Aimed at setting the gold standard for an online newspaper archive, Times Online has rolled out an elaborate digital newspaper archive stretching back more than 200 years, according to an article in the Guardian, "Time archive offers 20m articles for free
." The archive includes more than 20 million articles from every edition of the Times (London), excepting a small number of damaged issues, from 1785 to 1985.
Such a newspaper archive is a real time machine, taking you back in time for real time coverage of momentous historical events. As reported in the Guardian article, the archive includes Thunderer's coverage of events such as the Battle of Waterloo, the first convicts arriving at Botany Bay and the execution of Marie Antoinette. Other issues cover the 1851 Great Exhibition, the Jack the Ripper murders in 1888 and Amelia Earhart's solo flight across the Atlantic in 1932. The archive also includes letters to the editor, photographs and adverts, with each page presented as it was printed in the paper on a parchment-coloured screen.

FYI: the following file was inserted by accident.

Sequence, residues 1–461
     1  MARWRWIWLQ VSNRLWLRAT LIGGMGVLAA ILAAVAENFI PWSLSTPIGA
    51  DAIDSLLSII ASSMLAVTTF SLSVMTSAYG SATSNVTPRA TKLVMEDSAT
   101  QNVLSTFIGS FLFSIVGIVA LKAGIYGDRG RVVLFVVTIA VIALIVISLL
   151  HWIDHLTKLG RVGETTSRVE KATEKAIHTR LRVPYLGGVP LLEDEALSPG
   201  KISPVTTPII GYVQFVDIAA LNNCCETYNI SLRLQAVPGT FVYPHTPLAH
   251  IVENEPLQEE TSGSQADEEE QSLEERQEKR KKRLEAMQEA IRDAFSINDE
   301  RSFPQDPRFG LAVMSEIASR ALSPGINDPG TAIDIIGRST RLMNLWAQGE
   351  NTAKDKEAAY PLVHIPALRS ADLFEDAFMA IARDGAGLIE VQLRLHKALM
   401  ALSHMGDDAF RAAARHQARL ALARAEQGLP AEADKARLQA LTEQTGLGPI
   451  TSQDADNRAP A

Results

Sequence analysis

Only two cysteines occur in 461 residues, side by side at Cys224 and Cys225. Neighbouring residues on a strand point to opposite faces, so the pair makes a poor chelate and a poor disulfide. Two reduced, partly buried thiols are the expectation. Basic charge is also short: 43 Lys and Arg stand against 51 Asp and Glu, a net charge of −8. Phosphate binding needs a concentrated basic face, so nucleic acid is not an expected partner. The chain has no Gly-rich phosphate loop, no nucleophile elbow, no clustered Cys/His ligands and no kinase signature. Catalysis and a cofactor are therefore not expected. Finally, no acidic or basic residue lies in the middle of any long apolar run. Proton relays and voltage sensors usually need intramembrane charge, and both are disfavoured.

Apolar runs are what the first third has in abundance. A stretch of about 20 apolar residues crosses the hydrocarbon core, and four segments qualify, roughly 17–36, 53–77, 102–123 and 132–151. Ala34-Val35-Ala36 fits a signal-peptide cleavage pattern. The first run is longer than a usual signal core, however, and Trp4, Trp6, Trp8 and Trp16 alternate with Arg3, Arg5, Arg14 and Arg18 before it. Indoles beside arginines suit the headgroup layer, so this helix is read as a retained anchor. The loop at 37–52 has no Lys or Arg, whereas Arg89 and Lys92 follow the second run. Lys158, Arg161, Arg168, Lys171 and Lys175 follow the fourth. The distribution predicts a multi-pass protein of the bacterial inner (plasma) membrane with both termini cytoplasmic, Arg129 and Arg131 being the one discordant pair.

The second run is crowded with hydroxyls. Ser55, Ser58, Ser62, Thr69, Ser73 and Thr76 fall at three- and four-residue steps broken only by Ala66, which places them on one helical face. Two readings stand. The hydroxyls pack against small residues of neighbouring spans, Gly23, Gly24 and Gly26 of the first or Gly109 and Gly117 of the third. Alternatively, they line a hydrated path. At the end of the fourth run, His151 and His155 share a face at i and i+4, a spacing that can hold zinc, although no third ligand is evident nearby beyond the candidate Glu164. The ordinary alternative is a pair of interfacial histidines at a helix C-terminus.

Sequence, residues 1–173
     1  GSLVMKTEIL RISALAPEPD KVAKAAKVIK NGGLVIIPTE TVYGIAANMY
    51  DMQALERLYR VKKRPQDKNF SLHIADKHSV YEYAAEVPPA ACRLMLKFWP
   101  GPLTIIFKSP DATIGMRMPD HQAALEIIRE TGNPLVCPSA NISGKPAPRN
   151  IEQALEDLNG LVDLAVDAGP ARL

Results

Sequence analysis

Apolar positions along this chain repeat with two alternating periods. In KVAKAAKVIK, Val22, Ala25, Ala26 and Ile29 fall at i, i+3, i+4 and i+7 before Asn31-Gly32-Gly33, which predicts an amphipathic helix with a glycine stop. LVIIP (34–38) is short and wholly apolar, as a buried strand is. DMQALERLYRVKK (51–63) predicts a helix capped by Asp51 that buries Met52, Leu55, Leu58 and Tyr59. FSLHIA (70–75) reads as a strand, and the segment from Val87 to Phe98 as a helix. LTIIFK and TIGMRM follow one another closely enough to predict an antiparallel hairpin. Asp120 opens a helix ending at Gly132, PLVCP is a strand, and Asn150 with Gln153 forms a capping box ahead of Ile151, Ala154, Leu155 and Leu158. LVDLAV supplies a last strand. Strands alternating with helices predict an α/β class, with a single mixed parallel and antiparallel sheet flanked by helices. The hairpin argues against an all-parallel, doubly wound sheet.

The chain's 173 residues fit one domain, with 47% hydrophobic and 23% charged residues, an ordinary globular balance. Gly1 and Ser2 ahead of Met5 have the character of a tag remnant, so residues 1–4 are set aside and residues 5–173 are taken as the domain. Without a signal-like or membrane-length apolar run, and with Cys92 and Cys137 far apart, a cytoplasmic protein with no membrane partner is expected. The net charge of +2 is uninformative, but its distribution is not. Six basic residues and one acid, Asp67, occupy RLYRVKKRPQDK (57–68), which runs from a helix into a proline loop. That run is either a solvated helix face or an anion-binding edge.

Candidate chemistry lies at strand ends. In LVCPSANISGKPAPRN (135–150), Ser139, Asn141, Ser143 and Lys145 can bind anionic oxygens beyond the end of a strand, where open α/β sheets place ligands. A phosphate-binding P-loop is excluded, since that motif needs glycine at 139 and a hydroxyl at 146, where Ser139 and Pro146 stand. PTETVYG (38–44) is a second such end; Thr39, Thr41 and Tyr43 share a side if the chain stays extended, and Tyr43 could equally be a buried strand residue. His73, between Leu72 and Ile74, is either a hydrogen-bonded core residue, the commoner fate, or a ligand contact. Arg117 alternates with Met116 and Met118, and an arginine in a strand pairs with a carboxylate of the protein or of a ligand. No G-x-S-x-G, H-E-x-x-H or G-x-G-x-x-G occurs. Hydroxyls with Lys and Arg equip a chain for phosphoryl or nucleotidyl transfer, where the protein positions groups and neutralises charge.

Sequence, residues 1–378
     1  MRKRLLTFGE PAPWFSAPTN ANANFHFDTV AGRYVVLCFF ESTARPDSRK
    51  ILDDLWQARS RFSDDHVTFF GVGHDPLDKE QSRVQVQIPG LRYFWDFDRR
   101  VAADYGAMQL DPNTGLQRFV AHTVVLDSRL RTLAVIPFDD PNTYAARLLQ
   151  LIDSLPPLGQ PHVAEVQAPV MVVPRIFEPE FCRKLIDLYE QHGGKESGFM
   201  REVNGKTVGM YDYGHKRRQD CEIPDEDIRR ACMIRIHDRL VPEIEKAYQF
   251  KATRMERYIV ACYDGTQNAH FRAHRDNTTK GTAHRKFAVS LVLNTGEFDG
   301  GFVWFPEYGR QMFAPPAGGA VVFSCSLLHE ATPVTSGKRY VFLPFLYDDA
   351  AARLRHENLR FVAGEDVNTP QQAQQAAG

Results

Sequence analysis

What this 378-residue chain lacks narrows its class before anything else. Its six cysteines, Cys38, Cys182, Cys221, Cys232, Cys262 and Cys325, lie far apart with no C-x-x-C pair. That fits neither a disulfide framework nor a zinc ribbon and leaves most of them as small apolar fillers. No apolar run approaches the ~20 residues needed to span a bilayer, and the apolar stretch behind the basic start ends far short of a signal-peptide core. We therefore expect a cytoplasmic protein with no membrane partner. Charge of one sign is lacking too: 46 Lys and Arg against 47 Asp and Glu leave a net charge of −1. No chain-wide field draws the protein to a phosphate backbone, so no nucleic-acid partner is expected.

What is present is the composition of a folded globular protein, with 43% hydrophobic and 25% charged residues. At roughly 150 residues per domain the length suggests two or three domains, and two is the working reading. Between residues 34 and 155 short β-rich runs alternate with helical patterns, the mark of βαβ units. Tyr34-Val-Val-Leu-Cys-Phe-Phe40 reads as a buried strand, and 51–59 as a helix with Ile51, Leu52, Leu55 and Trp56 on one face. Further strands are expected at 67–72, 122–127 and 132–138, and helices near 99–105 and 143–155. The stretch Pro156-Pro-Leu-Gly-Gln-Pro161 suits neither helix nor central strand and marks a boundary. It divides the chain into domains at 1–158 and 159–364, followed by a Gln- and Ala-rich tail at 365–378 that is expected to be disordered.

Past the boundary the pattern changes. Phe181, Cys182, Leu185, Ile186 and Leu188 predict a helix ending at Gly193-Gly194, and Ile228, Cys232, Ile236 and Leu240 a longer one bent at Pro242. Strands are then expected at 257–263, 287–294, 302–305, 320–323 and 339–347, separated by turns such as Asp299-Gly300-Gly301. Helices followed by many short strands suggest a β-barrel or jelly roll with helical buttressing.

Anne Spackman, the editor-in-chief of Times Online, said that the Times wanted the project to set the gold standard for an online newspaper archive for "arguably the most famous newspaper in the world." The archive is currently free, and Spackman says no decision will be taken about whether it will remain free or require a subscription until it has generated a solid userbase. . . . Work will begin soon on digitising the rest of the Times editions, as well as the extensive archive of the Sunday Times from 1822 to 2000.
Labels: history, newspapers, United Kingdom